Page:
Recent Twitter mishaps by officials: Be careful
MANILA, Philippines – With government officials now using Twitter, there is more space to discuss issues that matter to their constituents. Public servants, however, have not used the platform effectively all the time. Some have even confronted netizens crudely. Others tweet too much.
What happens when public officials mistweet and overtweet? Here are recent incidents and resulting events.
1. Foreign Secretary Teodoro "Teddyboy" Locsin Jr (@teddyboylocsin)
After pronouncing on Twitter that a "previous outsourced passport maker took all the data" on passports, Foreign Secretary Teodoro "Teddyboy" Locsin Jr sparked a national debate on the platform and beyond. (READ: Ex-DFA contractor ‘took off’ with passport data, says Locsin)
Asked how the DFA could be sure that passport holders' personal information is protected, Locsin tweeted, "I don't know."
When news organizations picked up his tweet about the alleged data loss, Locsin took to Twitter to clarify who was behind the mess, saying the blame should be on the Arroyo and Aquino administrations.
Locsin also consistently blamed the "Yellows" for the alleged data loss. (READ: Locsin blames 'Yellows' for passport data loss)
The present contractor, APO Production Unit Inc (APUI), however said that "DFA officers have full access to data from old green passports, machine-readable passports, as well as the current e-passports." They added that equipment was turned over by the previous contractor, Oberthur, which Locsin said had "made off" with passport data.
Former foreign secretary Perfecto Yasay Jr also refuted the claim that there was data loss, saying that Locsin must have been "misinformed." (READ: Yasay refutes Locsin, says passport data not stolen)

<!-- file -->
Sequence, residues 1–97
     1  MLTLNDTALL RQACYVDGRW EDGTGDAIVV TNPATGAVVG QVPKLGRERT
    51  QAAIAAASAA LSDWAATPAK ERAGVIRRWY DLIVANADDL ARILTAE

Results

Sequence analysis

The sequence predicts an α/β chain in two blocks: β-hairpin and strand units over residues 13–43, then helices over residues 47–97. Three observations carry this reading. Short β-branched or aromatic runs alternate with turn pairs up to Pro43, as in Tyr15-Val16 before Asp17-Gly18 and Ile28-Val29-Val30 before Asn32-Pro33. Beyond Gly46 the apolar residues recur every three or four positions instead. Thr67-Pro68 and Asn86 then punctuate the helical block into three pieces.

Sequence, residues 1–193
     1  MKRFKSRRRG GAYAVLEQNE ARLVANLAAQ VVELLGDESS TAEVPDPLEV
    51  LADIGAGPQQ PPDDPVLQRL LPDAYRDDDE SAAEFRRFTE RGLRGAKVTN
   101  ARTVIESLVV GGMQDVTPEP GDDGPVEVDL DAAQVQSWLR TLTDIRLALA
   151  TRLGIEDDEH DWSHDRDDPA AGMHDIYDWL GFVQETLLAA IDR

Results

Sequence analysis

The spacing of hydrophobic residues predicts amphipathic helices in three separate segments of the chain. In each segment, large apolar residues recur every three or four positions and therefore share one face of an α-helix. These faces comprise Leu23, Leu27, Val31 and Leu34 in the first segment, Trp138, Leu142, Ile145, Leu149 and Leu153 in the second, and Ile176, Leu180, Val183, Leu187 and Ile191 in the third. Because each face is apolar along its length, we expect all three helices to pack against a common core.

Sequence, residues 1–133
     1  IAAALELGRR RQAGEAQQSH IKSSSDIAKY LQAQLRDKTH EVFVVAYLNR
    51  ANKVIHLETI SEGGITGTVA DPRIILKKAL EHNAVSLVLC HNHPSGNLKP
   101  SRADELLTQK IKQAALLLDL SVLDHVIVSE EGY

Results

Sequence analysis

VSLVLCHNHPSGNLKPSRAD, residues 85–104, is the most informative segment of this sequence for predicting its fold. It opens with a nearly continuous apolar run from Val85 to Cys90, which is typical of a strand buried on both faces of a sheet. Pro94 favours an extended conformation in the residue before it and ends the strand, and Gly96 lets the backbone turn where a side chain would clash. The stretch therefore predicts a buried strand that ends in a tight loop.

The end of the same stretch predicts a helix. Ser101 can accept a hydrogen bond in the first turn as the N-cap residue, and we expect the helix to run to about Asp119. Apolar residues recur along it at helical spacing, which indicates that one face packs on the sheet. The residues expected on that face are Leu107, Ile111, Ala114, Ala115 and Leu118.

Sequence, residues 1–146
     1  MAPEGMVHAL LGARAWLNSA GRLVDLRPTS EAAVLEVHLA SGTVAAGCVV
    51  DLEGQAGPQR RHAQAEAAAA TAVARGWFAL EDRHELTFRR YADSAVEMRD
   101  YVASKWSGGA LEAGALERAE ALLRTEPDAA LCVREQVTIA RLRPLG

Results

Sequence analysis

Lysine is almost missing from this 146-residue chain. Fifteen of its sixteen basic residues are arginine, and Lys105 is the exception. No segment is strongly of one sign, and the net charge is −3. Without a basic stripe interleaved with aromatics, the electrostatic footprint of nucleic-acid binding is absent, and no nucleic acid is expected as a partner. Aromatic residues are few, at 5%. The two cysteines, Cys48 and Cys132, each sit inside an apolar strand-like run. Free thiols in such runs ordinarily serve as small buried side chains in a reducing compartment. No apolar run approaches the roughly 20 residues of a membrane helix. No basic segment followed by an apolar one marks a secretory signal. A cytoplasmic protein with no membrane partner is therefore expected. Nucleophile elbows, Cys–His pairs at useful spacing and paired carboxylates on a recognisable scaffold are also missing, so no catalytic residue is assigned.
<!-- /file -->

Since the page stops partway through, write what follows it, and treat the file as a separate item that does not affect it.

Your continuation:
While saying now that there is no runaway of data, Locsin insisted on Twitter that some of the data turned over to APO is "unusable."
As he continued to engage Twitter users regarding the alleged data loss, Locsin simultaneously tweeted about ending the birth certificate requirement for passport renewal.
He said, however, that the "probe on the passport mess continues" and that he would only "accept as conclusive" the findings of a Senate investigation.
2. Senator Sherwin "Win" Gatchalian (@stgatchalian)
Senator Sherwin "Win" Gatchalian met the start of 2018 with comments from a handful of disappointed netizens.
Their tweets came after the senator responded with "Ulol (moron)" to a tweet critical of him. He sent this with his personal account.
Twitter users responded with comments calling Gatchalian a "trapo" (traditional politician) and describing his tweet as unbecoming of a senator. His response: "Gago ka!" (You're stupid!).
Asked why he used such language to respond to comments on Twitter, he said he got pissed. (READ: Gatchalian blames bashers for his meltdown on Twitter)
3. Senator Sonny Angara (@sonnyangara)
Netizens were not amused when Senator Sonny Angara referred to fellow senator Nancy Binay as "Chocolate" in a tweet during a Senate hearing on fake news. Former Communications Assistant Secretary Mocha Uson was present in the said hearing, which was held in October 2017.
Angara defended his tweet by saying that it was just banter between friends.
However, Twitter users said that it was still unbecoming of a public official and that such banter could be done in private, not on a public platform like Twitter.
Social media use for government
The Department of Information and Communications Technology (DICT) released in early 2018 a draft policy on how government officials and employees should behave on social media.
In the draft administrative order (AO), the DICT blacklists the following, among others: "malicious content that aims to discredit an entity [or] office or a government representative without basis" and "unrelated information, jokes, or promotions that are personal and not of value to the agency."
The draft AO, however, does not compel Congress to follow the rules. But it does state that the order shall apply to national government agencies.
The draft does not mention rules on personal accounts. – Rappler.com